For instance, the first major immigration restriction in the U.S. was the Chinese Exclusion Act of 1882, Huynh said. This law banned all Chinese immigrants for 10 years and kept Chinese people from becoming American citizens. In 1871, a mob in Los Angeles lynched 18 Chinese men and boys.
In the winter of 1899-1900, amid an outbreak of bubonic plague, Hawaii's Board of Health started systematically burning down blocks of Honolulu's Chinatown, a neighborhood with mostly Chinese, Japanese and Native Hawaiian residents. After seeing that the first few victims of the disease were Chinese, white officials targeted Asian and Indigenous residents for racist violence, claiming they were infected and dirty.
"These are untold histories of structural and systemic violence against Asians … violence against Asians was the means by which European immigrants became Americans in the 1800s," Huynh said.
Huynh also recalled how the U.S. government rounded up and incarcerated over 120,000 Japanese Americans during World War II, and how a pair of white men beat Vincent Chin, a Chinese American man, to death in 1982.
"We have this dark and long history of violence against Asian bodies … . These histories have been erased from our public consciousness by the model minority stereotype, which portrays Asians and Asian Americans as successful, hardworking and docile," Huynh said.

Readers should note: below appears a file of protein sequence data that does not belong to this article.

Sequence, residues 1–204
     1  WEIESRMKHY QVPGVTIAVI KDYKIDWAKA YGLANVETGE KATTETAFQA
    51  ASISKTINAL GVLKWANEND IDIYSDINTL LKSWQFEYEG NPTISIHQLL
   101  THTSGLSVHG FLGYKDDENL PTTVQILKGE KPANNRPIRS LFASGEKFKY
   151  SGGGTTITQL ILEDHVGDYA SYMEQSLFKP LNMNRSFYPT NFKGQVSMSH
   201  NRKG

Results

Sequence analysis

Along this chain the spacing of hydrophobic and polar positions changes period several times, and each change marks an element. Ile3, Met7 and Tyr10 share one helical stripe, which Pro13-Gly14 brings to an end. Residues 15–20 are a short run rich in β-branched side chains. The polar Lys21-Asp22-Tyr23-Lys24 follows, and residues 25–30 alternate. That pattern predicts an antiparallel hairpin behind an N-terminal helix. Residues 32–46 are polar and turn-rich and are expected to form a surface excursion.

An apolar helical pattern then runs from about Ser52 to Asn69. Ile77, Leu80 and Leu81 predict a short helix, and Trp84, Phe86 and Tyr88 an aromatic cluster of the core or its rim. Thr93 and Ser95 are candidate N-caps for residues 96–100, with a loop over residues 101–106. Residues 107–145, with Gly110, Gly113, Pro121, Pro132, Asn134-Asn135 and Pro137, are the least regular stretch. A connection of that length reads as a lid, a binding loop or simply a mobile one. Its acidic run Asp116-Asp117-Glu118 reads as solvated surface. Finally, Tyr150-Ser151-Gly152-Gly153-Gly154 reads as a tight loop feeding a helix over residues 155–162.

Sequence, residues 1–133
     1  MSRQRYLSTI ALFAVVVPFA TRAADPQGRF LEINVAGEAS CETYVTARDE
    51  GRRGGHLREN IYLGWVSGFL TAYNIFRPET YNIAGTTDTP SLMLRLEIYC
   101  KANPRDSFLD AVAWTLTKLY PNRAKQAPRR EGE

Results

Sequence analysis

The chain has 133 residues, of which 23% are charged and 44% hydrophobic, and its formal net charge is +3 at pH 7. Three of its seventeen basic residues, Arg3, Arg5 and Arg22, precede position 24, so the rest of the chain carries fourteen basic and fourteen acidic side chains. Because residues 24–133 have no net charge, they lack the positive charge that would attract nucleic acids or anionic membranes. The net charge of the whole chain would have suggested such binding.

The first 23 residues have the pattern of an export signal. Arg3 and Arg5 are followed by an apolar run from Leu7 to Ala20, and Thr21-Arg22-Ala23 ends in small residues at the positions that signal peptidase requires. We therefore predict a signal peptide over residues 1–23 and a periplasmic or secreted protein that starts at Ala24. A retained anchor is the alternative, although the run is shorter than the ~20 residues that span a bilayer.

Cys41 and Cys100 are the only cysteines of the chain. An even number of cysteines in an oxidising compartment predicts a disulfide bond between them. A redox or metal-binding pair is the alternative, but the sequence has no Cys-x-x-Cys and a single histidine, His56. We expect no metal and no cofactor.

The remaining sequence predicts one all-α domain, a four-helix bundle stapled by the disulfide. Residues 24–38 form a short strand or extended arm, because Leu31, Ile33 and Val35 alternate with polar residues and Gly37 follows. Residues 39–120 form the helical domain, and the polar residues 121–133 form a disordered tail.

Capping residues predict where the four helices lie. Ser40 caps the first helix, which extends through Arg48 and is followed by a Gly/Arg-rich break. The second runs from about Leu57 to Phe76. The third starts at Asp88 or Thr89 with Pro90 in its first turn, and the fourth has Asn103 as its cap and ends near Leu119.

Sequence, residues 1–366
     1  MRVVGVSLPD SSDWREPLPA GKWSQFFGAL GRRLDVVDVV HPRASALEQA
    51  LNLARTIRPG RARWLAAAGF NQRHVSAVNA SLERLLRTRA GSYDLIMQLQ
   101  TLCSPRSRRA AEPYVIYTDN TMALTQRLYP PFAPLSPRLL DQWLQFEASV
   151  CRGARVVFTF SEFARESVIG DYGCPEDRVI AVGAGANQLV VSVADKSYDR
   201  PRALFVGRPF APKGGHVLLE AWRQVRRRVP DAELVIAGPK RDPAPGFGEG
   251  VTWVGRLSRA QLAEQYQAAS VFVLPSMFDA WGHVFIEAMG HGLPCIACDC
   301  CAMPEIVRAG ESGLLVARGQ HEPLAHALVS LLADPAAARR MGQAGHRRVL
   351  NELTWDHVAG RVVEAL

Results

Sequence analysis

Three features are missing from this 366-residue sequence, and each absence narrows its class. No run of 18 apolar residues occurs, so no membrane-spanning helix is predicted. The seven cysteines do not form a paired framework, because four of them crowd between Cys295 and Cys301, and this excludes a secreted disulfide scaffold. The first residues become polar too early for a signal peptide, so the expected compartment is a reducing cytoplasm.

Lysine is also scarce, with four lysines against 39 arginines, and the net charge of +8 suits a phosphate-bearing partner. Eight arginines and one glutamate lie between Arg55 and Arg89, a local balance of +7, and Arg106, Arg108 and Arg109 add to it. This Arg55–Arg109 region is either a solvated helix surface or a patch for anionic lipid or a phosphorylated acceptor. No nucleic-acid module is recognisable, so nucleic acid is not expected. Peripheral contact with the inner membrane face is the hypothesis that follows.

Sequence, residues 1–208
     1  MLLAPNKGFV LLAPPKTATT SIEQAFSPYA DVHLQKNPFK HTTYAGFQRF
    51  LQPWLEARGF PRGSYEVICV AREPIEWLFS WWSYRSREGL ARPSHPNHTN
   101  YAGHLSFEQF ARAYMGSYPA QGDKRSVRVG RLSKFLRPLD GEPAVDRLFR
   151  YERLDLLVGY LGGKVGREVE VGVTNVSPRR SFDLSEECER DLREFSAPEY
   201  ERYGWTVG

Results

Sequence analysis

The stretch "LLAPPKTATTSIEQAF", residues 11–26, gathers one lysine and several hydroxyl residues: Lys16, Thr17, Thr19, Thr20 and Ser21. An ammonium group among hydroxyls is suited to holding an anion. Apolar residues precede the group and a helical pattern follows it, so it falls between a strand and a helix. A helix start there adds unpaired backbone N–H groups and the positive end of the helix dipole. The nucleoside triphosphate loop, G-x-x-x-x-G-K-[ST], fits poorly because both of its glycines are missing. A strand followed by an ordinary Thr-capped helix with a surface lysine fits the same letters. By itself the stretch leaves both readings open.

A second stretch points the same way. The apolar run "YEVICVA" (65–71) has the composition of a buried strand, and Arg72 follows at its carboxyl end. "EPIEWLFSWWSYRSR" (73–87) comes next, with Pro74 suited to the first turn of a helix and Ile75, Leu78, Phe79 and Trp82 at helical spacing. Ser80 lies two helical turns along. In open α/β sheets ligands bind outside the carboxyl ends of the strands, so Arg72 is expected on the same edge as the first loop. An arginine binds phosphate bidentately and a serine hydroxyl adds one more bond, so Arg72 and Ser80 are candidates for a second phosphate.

The model minority stereotype, she said, is rooted in anti-Blackness and is used to protect white supremacy by driving a wedge between Asian Americans and other communities of color.
Stereotypes can directly influence violence against Asian Americans, panelists said. Huynh said her research on COVID-19 media coverage has found that Asian Americans have more often been depicted in masks or in medical settings (being tested or treated), making them appear foreign and possibly diseased. They are also disproportionately shown in Chinatown, regardless of the content of the story, reinforcing the stereotype that all Asian Americans are "forever foreigners" living in segregated immigrant communities.
Xian Wang, an assistant professor of Chinese at Notre Dame, said shortly after she arrived on campus in 2008 as a graduate student, a white man stopped her on the street asking if she was Japanese. She was taken aback by the question, and was still deciding how to respond when the man said he knew she must be Japanese because she "seemed so polite."
Wang was so uncomfortable that she still didn't say anything. The man then said, "You probably don't speak English," and left her standing stunned.
"I was flattened and reduced to labels … I had no voice," Wang said.
Anti-Asian racism intersects with misogyny in the "China doll" stereotype that fetishizes Asian and Asian American women as demure yet hypersexual, Tang said.
Whether or not the women killed in Atlanta were actually sex workers, they became victims of hatred against Asian women and sex workers, said Grace Song, a doctoral student in history at Notre Dame.